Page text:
C++ namespace and include

c++header-filesnamespaces

Why do we need both using namespace and include directives in C++ programs?

For example,

#include <iostream>

using namespace std;

int main() {
 cout << "Hello world";
}

Why is it not enough to just have #include <iostream> or just have using namespace std and get rid of the other?

(I am thinking of an analogy with Java, where import java.net.* will import everything from java.net, you don't need to do anything else.)

Best Solution

using directives and include preprocessor directives are two different things. The include roughly corresponds to the CLASSPATH environment variable of Java, or the -cp option of the java virtual machine.

What it does is making the types known to the compiler. Just including <string> for example will make you able to refer to std::string :

#include <string>
#include <iostream>

int main() {
    std::cout << std::string("hello, i'm a string");
}

Now, using directives are like import in Java. They make names visible in the scope they appear in, so you don't have to fully qualify them anymore. Like in Java, names used must be known before they can be made visible:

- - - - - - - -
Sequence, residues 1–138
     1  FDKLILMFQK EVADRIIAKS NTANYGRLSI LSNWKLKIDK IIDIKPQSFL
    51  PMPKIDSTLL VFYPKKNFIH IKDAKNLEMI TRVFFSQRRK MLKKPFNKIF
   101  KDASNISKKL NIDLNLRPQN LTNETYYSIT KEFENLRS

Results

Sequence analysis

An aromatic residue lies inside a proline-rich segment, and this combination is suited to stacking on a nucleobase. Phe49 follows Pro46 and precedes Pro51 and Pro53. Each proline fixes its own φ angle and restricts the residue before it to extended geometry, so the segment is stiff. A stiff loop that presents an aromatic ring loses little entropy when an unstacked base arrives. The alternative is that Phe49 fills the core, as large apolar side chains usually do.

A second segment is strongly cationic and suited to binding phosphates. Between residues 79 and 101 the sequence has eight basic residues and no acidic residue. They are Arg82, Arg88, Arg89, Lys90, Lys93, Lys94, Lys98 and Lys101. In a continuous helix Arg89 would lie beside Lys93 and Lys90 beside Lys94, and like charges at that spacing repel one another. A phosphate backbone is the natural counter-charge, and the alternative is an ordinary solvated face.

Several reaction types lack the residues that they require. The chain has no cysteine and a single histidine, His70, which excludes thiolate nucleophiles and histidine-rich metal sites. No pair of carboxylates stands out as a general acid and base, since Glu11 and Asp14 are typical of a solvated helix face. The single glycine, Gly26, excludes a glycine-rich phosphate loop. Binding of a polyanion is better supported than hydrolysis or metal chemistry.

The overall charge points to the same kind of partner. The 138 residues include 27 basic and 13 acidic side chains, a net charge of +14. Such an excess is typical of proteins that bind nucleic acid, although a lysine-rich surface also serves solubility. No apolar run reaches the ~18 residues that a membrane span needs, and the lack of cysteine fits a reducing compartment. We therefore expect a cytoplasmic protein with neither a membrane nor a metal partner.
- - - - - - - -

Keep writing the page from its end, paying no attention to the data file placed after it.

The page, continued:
#include <string> // CLASSPATH, or -cp
#include <iostream>

// without import in java you would have to type java.lang.String . 
// note it happens that java has a special rule to import java.lang.* 
// automatically. but that doesn't happen for other packages 
// (java.net for example). But for simplicity, i'm just using java.lang here.
using std::string; // import java.lang.String; 
using namespace std; // import java.lang.*;

int main() {
    cout << string("hello, i'm a string");
}

It's bad practice to use a using directive in header files, because that means every other source file that happens to include it will see those names using unqualified name lookup. Unlike in Java, where you only make names visible to the package the import line appears in, In C++ it can affect the whole program, if they include that file directly or indirectly.

Be careful when doing it at global scope even in implementation files. Better to use them as local as possible. For namespace std, i never use that. I, and many other people, just always write std:: in front of names. But if you happen to do it, do it like this:

#include <string>
#include <iostream>

int main() {
    using namespace std;
    cout << string("hello, i'm a string");
}

For what namespaces are and why you need them, please read the proposal Bjarne Stroustrup gave 1993 for adding them to the upcoming C++ Standard. It's well written:

http://www.open-std.org/jtc1/sc22/wg21/docs/papers/1993/N0262.pdf